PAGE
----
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UH’s Ursua, Collie fill all the slots on the field

August 2, 2017 - 12:05am

The intended destinations remain the same for Dylan Collie and John Ursua. Those would be the first-down marker and ultimately the end zone.

But the starting point could vary this season for the University of Hawaii receivers. Both operated exclusively out of the slot last year but they’ve been taking plenty of reps at the wideout spots since spring practice.

Marcus Kemp led the Rainbow Warriors with 73 catches, 1,100 yards and eight touchdowns in 2016. But the 6-foot-4, 200-pound wideout completed his eligibility, finishing ninth on UH’s career receiving yardage list with 2,570.

Meanwhile, as a freshman Ursua caught 53 passes for 652 yards and three touchdowns. Collie, as a sophomore, latched on to 33 for 322 and four scores.

Those numbers might have been bigger, but at times they kept each other off the field. Unlike during the pure four-receiver spread era for UH, the hybrid offense of second-year head coach Nick Rolovich doesn’t always have two slot receivers in the lineup.

“Arguably, last year Dylan and John were our two best receivers,” said Craig Stutzmann, UH’s passing game coordinator and quarterbacks coach, who is a former Hawaii slot receiver himself. “When we run (offenses) without two slots we want to be able to have both of them on the field.”

Receivers coach Kefense Hynson echoed Stutzmann.

“I want to be able to play the best three guys,” he said. “I don’t want John Ursua or Dylan Collie not playing just because on paper they’re both slots.”

Early in preseason camp, Hynson said the depth chart is far from solidified. He used Isaiah Bernard and Ammon Barker as examples of other potential starters he doesn’t want pigeonholed as either inside or outside receivers.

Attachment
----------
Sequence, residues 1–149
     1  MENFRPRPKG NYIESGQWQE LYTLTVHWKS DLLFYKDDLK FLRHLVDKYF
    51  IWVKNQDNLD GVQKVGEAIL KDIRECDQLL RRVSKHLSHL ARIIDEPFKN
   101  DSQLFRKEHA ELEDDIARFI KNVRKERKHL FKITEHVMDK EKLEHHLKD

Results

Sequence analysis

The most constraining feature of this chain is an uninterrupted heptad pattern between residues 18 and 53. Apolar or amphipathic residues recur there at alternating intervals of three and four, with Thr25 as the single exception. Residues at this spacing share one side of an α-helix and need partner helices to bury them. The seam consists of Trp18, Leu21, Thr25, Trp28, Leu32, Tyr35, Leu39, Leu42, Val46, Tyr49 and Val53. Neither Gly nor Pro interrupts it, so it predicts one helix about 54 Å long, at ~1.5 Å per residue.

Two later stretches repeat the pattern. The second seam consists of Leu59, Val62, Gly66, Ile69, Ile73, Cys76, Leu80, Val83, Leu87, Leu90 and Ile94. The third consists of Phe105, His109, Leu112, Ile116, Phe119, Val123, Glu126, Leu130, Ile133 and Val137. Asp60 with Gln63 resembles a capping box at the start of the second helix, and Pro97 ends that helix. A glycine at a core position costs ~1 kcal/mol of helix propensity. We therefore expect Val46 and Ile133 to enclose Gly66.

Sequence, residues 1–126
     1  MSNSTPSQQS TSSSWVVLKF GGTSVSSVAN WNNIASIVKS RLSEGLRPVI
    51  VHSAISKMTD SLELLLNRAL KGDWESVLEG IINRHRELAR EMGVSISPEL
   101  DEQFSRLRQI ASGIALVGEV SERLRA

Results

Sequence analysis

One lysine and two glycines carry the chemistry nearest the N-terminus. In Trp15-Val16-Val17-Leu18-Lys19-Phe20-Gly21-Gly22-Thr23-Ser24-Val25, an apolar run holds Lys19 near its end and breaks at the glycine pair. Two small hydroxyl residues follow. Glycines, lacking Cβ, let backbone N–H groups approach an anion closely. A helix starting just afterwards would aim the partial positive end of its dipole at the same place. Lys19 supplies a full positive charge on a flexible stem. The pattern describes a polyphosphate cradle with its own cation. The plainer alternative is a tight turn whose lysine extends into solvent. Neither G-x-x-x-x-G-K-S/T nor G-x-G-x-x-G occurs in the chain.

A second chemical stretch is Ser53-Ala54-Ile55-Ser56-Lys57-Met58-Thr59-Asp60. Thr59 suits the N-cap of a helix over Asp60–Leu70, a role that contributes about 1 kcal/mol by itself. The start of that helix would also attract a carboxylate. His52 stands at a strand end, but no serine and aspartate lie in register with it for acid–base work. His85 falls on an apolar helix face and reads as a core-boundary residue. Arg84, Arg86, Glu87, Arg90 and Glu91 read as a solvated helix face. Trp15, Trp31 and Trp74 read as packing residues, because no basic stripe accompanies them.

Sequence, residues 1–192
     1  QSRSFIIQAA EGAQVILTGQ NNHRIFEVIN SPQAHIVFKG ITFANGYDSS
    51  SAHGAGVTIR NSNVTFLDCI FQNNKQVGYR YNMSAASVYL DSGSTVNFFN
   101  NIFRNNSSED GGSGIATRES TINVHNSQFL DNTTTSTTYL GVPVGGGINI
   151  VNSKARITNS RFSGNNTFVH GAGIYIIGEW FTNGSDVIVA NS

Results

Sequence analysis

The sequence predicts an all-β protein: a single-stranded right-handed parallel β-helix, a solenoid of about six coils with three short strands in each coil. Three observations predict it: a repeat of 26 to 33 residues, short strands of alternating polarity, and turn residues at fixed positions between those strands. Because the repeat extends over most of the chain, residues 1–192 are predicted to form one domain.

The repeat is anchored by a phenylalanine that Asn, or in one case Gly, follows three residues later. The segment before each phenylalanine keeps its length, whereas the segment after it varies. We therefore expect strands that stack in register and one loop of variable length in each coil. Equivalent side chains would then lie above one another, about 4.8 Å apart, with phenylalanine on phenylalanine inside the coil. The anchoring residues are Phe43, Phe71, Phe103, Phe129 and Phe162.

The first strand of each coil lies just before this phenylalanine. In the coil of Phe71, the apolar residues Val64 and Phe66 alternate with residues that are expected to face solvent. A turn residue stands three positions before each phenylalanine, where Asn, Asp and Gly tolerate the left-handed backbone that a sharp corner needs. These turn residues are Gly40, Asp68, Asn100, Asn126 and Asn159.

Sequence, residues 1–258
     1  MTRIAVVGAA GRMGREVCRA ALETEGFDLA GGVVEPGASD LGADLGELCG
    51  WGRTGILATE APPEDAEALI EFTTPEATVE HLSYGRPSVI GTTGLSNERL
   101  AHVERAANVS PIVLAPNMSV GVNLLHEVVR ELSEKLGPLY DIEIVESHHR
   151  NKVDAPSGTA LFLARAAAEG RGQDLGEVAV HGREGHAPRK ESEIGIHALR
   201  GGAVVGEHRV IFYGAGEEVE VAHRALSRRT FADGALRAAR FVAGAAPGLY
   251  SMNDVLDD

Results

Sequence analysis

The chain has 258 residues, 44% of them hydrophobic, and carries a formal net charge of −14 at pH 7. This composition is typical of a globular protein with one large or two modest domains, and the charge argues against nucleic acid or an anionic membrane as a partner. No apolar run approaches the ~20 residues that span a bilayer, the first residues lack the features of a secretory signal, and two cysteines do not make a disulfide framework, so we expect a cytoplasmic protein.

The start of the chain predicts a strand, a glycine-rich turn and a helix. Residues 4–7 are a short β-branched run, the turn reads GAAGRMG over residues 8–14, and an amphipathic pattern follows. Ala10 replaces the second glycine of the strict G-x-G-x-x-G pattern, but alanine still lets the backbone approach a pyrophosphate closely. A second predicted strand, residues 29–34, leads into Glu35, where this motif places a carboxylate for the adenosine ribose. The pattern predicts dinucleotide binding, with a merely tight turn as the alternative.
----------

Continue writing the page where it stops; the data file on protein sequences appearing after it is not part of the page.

Physically, the 6-foot-4, 225-pound Barker and 6-1, 190 Bernard are closer to the prototype for the outside receiver. Ursua is listed at 5-10 and 165. Collie is the same height, but 175 pounds.

Some of the more notable receivers who have played outside and inside for UH in the past decade include Ryan Grice-Mullins, Greg Salas and Billy Ray Stutzmann.

Hynson expects all the receivers to have at least a basic understanding of the slot and outside positions.

“Usually the second or third week of practice we’ll have a day when we switch everybody up. It usually creates a little juice, but you don’t want to slow up practice with a bunch of mental mistakes.

“I don’t drill wideouts and slots differently,” he added. “Ideally I want all of them to know all the positions so they can do it in a game. If they are blessed to have a chance to play at the next level they’re going to have to be versatile.”

In the offseason, Collie and Ursua worked on strength and skill needed to handle the physical press coverage wideouts often get from cornerbacks at the line of scrimmage.

Collie — who always wanted a chance to play wideout, anyway — worked out over the summer to prepare for the new role with his brother Austin and Austin’s brother-in-law, Jordan Pendleton. Austin Collie is a former NFL receiver and Pendleton played outside linebacker at BYU.

Ursua has also embraced the challenge.

“There are so many reads you have to make off the defense,” he said. “So learning both is important, even if it’s just for your player’s IQ.”

Stutzmann said Collie and Ursua have been “excellent” so far performing from the outside.

“There’s a comfort level with having them both out there. As quarterbacks coach, I never want them off the field. I know (starting quarterback) Dru (Brown) wants them on the field,” Stutzmann said. “They make big play after big play. We’re lucky.”

The Rainbow Warriors have eight starters back on offense from the 2016 team that got UH’s first bowl win in 10 years. But they know some tinkering needs to be done to replace Kemp’s production.

“That’s the kind of thing we have to do to go from 7-7 to Mountain West champions,” Collie said.

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